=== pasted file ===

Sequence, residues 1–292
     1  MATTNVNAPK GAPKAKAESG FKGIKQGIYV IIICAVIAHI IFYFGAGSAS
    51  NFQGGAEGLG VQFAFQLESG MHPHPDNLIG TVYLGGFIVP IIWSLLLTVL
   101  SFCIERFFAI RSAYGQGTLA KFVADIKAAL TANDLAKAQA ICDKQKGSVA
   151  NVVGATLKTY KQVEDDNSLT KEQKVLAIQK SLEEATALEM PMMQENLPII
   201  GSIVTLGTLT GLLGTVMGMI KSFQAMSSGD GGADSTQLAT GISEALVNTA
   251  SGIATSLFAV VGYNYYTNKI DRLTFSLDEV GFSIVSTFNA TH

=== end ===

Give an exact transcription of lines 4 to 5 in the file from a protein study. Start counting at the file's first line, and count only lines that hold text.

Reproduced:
   101  SFCIERFFAI RSAYGQGTLA KFVADIKAAL TANDLAKAQA ICDKQKGSVA
   151  NVVGATLKTY KQVEDDNSLT KEQKVLAIQK SLEEATALEM PMMQENLPII